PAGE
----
No. If I had any kind of restless urge around me, I would be prolific, I’m not. I spend all my time saying no to 800-word articles that someone or the other wants me to write—and I feel, no, I can handle that in a Twitter thread, I’m not going to attempt an essay about it. From having academics as parents, to also being quite a bit of a self-critical individual, I think that I have a tendency to lose interest very, very quickly. So, I never take up a project unless it’s something which not only interests me tomorrow, but something with which I can live for the next four, five years. Choosing a writing project is very close to choosing a partner—s/he/it must be interesting, enchanting, and irresistible in your eyes day after day.
In an interview about your debut novel, The Gypsy Goddess (Atlantic Books £8.99), in 2014 you said “I really did not want to write what was safe or comfortable.” Now that you’ve written two novels that are neither safe nor comfortable does that want remain as strong?
You’ve said in the past that you trust poetry more than prose when you are writing, is that still the case?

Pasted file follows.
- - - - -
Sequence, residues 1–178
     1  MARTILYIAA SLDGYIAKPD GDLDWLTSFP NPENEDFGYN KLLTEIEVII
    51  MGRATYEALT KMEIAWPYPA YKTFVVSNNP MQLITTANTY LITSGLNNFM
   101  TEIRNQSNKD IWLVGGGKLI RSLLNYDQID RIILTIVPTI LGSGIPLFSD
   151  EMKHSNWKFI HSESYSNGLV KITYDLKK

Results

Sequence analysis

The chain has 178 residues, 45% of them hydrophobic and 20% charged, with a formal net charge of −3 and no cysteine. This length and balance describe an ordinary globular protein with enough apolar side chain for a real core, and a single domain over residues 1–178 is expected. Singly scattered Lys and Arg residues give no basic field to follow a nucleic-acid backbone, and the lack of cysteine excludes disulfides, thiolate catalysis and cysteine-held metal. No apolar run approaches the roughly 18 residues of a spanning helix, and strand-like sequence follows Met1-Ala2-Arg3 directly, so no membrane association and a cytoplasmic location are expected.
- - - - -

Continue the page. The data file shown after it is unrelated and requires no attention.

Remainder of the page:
At the moment of answering this interview, I still think that poetry is far more raw and straight and capable of immediate detonation. For fiction to be similarly explosive, you learn how to execute subtlety. So, in a sense, poetry earns its truth moment from telling the truth, as it is—and fiction does the same by doing this sly dance around it, touching it tangentially, allowing it to build up through suggestion and subconscious association.
In The Gypsy Goddess the following exchange occurs: “Can every story be told?” “Yes”. If you ran a publishing company what stories and which writers would you publish?
I’m too much of a thug artist to run a publishing company in my thirties. I need to mellow down, age a little bit, develop an ability to handle numbers and overcome my shyness about discussing money. I’m new to Britain, have spent only about a couple of years here and became formally resident only about a year ago. But I’m horrified by the dismal way in which writers of colour are absent—both from being published, and from being reviewed/discussed/promoted—and if I had the time, that would be something I would try to redress.
Novelist, poet, translator and activist Meena Kandasamy will be discussing her latest novel, When I Hit You, and her other work at Waterstones Bristol Galleries on Wednesday June 14 at 7pm. Tickets are available here at £6/£4 concessions.